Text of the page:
As technology advances to allow projects to be completed quicker, and the public becomes more aware of how their carbon footprint impacts the world, the demand for professionals working in the energy industry has drastically increased. However, with an already talent-stretched sector, sourcing the number of individuals needed to support growth efficiently seems unlikely. In order to change this, rapid action must be taken and a strategy must be in place to attract a diverse range of people. We have previously written about how targeting more female professionals can plug the skills shortage, however, what many organisations often fail to see is that it’s not about quotas or box-ticking exercises, but instead firms should focus on creating true parity, including renumeration equality and fair representation in the boardroom. By focussing on important issues like equal pay in the U.S, companies will stand a much better chance of attracting highly-skilled women to the energy sector.

Equal pay in the U.S

Over half a century has passed since the Equal Pay Act was created, however, females still face a substantial gender wage gap across the spectrum. According to data from the US Census Bureau, a woman working full time earns 80.7 cents for every dollar a man working full time earns. Additionally, women’s median annual earnings are $9,909 less than men’s. The average gender pay gap in the United States is around 19.3%, according the US Census Bureau.

How equal pay can be leveraged to attract women to the energy sector

It’s no secret that that until recently there were not many women employed in energy. However, this is slowly but surely changing. There are numerous ways to attract more women to the sector, such as increasing opportunities for flexible working, improving employee value propositions and creating more awareness about the variety of roles available in the sector. One of the most effective ways of boosting the number of females working in energy is to address the false reputation of it being a male-only industry which is not fit for women. This is easier said than done as this thought has unfortunately been engrained in many people’s minds for such a long time, however, it can be nipped in the bud early by educating school children. This, of course, is not an over-night task. But one thing that employers can take action on now is increasing the representation of women in the board room. This will not only help close the gender pay gap, but also show both genders that you are committed to equality, and that the antiquated view of the industry being male dominated is, in fact, wrong.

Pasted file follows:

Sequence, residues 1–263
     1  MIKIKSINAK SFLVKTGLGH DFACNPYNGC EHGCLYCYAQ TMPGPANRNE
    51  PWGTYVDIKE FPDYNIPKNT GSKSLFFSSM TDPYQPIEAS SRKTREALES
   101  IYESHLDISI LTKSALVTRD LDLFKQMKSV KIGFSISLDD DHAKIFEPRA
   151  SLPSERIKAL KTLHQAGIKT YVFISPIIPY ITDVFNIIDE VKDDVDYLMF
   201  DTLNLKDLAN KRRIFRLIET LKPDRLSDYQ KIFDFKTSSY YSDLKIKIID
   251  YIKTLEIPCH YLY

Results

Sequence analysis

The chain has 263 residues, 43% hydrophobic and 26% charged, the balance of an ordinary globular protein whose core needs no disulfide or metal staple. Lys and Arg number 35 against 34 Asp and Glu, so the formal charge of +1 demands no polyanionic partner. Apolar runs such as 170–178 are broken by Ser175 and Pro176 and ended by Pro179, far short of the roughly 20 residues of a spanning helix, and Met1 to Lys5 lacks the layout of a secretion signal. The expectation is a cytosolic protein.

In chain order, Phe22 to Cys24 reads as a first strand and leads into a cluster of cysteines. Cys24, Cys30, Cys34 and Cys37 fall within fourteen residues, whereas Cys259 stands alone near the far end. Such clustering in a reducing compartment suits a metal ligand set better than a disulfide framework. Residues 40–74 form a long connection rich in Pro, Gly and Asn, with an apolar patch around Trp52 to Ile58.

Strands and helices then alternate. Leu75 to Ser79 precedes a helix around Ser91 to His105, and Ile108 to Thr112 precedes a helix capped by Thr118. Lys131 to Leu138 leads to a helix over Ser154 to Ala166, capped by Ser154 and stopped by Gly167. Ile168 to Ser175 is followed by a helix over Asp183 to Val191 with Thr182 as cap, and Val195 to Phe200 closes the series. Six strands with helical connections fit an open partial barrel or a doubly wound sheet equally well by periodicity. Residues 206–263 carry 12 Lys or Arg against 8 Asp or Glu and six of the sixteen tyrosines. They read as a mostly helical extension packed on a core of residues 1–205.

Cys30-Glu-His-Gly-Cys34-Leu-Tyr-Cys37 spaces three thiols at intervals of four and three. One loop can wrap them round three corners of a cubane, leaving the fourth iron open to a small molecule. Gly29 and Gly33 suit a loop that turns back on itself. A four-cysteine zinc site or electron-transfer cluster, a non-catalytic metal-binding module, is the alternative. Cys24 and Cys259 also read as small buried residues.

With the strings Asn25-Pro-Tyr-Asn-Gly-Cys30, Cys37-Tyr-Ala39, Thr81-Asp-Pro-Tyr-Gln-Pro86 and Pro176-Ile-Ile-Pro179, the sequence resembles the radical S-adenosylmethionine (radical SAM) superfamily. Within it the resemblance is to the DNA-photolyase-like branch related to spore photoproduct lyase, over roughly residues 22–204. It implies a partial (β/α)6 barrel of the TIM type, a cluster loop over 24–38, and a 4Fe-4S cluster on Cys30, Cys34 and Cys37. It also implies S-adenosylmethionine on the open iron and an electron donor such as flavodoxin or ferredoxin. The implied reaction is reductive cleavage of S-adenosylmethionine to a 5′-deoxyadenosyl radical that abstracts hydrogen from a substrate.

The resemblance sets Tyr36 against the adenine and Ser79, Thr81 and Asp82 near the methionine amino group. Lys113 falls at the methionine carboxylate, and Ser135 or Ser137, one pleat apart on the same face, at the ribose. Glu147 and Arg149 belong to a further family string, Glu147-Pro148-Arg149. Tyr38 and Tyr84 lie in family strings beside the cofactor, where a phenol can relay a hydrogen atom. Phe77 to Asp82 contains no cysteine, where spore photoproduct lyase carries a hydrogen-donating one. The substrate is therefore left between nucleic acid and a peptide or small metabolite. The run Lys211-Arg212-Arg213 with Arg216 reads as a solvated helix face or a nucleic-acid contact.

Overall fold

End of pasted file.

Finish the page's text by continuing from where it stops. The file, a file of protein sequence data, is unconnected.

How women benefit the energy sector

In addition to plugging skills gaps, there’s no doubt that increasing the representation of women in the sector and championing equal pay is the right thing to do. There is a plethora of exciting opportunities in energy right now, with plenty of meaningful jobs which will impact the world, and it’s only fair that females also have access to these roles.

However, by now, I’m sure that many employers are aware that there is also a strong business case for hiring more women and having a better representation of females throughout all levels of the organisation. A Boston Consulting Group study found that companies with more diverse management teams have 19% higher revenues due to innovation. This, of course, is vital for energy firms, as innovation is what helps fuel projects that will tackle difficult issues like global warming. Also, with millennials expected to make up 75% of the workforce by 2025, it’s vital that employers take their expectations of a company into consideration too. According to the 2018 Deloitte Millennial Survey,  74% of these individuals believe their organisation is more innovative when it has a culture of inclusion, so this will likely be something that they will be seeking when looking for work.

Working towards creating equal pay in energy and closing the gender pay gap is just one of many ways of attracting women to the sector in the U.S. It’s also an effective and meaningful method to show that businesses are truly serious about changing the industry’s reputation. By taking action now and making this a reality, we can create a workforce which is ready for all future challenges.

If you’re interested in joining the Samuel Knight team and making a difference to create greater diversity, why not get in touch today?